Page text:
While Rambam himself seems to limit this to habitual violators (see Responsa Iggerot Moshe 5:20:14), one could argue the same even for a single violation. To stoop to such a level, without taking into account the destruction it may cause for the lives of others, is representative of callousness.
Rav Feldman notes from the Midrash Eliyahu that it may be that this stringency is due to the staying power of humiliation: “Physical death occurs once and is over with, while the emotional pain lasts and reverberates.” (Feldman, p. 17). As we saw from the anecdotes we cited last week, in the digital age, this insight is particularly poignant.
The Penei Yehoshua (Bava Metzia 58b) offers another possibility in the name of the Tosafot Yom Tov, citing Midrash Shemuel. Humiliation strips away a person’s sense of dignity. As human beings are created in the image of God, embarrassing others shows that one has no concern for the inherent godliness in all people. Rav Shammai Kehat Gross takes this position as well (Responsa Shevet Ha-Kehati 1:361).
Not Only Verbal
It should be noted that the prohibition is violated whether or not words are used. Rabbi Eliezer of Metz (Yere’im 180 [51 in old printings]) argues that one can violate ona’at devarim, hurting people with words, even by “displaying a displeasing countenance” (Feldman, p. 20). The Sefer Chasidim (972) goes so far as to argue that a greater scholar should not attend the lecture of a lesser scholar, as it will intimidate him. As Rav Feldman summarizes the consensus of the Poskim, “all humiliation is subsumed under the umbrella of verbal oppression, as it inflicts emotional pain.” Thus, it would not matter whether one humiliates using words or by publicizing an embarrassing photo or meme; any such act would cause one to violate the prohibition.
We noted in previous shiurim that the Poskim generally assume that the same is true for lashon ha-ra: one violates the prohibition regardless of how the information is transmitted.
Is the prohibition only violated in public? If so, what qualifies as “in public”?
Several Poskim assume that the prohibition is equally grave whether the humiliation occurs in front of a crowd or in private. For example, Rav Henkin notes that in several manuscripts of the Tur (CM 420) and Rambam (Hilkhot Chovel U-mazik 3:7), the phrase is not, as in our Talmud, “ha-malbin penei chavero be-rabim,” but rather “ha-malbin penei chavero bi-dvarim” — not “one who humiliates his fellow in public,” but rather “one who humiliates his fellow with words.”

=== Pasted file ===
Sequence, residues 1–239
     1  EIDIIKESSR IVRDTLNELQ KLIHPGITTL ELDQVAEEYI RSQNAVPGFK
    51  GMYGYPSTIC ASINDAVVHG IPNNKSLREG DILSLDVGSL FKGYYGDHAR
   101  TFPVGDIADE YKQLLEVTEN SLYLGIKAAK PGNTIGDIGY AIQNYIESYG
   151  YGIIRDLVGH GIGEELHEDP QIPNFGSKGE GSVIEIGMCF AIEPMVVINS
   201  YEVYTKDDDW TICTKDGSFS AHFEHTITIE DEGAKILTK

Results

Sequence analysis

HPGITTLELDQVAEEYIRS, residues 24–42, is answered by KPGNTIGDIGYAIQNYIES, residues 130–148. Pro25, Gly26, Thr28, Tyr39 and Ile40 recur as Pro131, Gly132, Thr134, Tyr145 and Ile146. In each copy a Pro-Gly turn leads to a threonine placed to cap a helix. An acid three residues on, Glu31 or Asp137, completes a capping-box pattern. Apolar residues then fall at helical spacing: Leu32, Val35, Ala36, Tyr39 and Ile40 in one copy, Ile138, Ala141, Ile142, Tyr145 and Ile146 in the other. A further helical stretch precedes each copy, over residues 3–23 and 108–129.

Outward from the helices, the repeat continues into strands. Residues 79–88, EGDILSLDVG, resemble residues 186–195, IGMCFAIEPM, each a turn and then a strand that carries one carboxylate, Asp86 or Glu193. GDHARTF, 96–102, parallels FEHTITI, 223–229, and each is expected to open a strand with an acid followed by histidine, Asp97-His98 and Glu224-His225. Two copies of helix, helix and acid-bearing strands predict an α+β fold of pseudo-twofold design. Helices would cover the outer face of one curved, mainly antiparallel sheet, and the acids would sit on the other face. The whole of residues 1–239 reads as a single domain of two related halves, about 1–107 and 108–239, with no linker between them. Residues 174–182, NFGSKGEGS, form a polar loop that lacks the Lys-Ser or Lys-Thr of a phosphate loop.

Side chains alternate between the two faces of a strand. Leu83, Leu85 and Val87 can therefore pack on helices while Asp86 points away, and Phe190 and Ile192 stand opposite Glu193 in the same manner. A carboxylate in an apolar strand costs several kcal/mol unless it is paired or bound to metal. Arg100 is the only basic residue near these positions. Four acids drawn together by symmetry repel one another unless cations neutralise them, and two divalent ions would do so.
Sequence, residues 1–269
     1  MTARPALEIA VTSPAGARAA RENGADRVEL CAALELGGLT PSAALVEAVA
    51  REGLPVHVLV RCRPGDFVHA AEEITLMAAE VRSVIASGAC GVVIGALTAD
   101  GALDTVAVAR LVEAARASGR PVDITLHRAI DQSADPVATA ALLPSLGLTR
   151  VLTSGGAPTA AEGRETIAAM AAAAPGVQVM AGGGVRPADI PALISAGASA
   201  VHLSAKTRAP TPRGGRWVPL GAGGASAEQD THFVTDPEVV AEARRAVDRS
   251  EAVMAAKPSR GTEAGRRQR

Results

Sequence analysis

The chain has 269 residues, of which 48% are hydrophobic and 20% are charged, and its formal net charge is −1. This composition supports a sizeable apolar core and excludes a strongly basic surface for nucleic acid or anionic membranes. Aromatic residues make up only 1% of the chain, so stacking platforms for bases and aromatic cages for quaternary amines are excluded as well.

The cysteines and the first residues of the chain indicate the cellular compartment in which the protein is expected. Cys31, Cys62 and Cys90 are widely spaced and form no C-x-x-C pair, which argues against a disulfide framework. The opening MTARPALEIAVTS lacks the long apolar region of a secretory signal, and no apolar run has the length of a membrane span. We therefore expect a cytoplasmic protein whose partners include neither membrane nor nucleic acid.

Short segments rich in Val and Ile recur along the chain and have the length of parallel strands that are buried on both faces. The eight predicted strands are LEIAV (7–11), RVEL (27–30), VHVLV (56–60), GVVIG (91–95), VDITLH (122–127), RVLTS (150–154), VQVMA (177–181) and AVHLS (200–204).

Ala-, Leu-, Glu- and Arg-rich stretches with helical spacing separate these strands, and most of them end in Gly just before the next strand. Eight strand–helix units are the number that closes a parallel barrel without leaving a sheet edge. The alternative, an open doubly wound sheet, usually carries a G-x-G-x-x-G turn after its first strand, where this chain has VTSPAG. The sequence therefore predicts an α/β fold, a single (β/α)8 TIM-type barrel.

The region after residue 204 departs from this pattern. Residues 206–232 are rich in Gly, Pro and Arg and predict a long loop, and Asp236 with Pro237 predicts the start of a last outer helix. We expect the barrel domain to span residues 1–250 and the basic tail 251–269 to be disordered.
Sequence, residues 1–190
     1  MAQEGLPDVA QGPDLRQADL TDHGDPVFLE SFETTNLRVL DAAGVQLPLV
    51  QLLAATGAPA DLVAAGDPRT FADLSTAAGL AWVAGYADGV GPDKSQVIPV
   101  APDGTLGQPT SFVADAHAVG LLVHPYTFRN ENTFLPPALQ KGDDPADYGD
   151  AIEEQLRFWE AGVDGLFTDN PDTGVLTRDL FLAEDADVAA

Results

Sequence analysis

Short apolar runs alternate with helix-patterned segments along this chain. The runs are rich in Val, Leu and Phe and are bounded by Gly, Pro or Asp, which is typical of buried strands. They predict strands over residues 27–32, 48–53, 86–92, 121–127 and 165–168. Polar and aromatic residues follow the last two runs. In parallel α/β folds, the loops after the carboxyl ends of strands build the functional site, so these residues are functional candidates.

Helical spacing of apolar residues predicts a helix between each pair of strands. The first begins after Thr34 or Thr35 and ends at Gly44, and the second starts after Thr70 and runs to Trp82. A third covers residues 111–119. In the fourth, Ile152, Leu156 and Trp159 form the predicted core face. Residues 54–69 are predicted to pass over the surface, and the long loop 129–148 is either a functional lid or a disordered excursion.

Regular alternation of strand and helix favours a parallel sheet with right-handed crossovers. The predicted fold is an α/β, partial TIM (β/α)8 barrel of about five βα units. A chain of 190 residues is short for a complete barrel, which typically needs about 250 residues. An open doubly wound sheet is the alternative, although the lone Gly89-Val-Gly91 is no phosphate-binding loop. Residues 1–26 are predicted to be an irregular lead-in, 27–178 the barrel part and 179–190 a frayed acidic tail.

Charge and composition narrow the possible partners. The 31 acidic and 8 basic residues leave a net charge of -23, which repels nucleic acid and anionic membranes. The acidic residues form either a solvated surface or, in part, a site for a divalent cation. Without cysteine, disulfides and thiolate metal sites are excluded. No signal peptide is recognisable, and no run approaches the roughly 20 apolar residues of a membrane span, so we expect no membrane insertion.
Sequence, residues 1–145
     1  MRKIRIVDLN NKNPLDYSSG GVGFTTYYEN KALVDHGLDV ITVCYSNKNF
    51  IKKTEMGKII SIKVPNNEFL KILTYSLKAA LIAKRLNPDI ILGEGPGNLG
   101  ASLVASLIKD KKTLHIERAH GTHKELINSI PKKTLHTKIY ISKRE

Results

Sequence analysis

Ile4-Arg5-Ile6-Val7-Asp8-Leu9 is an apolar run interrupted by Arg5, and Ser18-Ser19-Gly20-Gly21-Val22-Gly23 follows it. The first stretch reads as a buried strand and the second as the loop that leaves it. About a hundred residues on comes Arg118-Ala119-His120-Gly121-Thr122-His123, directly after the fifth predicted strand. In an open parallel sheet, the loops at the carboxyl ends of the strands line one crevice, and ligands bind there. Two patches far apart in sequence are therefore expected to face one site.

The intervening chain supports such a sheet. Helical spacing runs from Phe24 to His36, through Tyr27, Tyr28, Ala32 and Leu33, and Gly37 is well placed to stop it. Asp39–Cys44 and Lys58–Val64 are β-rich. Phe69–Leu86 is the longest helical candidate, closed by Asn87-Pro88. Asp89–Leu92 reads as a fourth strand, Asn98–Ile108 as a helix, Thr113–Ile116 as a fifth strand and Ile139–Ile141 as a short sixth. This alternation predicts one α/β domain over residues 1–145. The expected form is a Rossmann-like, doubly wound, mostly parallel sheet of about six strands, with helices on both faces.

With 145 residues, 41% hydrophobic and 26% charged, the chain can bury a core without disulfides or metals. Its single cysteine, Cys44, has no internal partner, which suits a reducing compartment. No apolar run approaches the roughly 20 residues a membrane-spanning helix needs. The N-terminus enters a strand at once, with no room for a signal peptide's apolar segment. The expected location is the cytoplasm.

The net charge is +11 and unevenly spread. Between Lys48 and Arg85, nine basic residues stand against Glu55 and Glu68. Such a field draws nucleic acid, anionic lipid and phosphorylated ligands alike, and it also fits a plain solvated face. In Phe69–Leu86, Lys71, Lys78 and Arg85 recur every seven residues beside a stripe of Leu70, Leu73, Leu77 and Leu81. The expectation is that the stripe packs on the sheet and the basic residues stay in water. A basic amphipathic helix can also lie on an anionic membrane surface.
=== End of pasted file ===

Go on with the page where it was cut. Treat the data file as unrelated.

Rav Henkin prefers the latter variant. However, he notes that even were one to reject this version, the legal conclusion would be the same. He assumes that the Gemara only discusses public humiliation as it is being in the presence of others that usually generates the embarrassment. In private, it is more difficult to embarrass others.
He further notes that even the classic passage with which we began, discussing the actions of Tamar, seems to prove this. Tamar sends her letter to Yehuda privately, which means she could have revealed that he is the father directly without shaming him. The fact that she risks her life rather than embarrass him privately (and even in that case certain Rishonim suggest that this is a cardinal sin) proves that the prohibition is equally binding whether in public or in private. He rejects the possibility that the letter she writes is being read publicly, as there is no indication that this is the case.
The Peri Megadim (OC Eshel Avraham 156) rules similarly. However, he does think that the sin is worse if an audience in present, and he notes that both points emerge from the rulings of the Rambam. In his introduction to Hilkhot De’ot, the Rambam formulates the prohibition she-lo le-halbin panim, not to embarrass; he elaborates: “from this we learn that it is forbidden to put an Israelite to shame, needless to say publicly” (6:8). This position is also taken by the Kol Bo (67), Chafetz Chayim (Chovat Ha-shemira 14), and many others (see Feldman, pp. 18-19).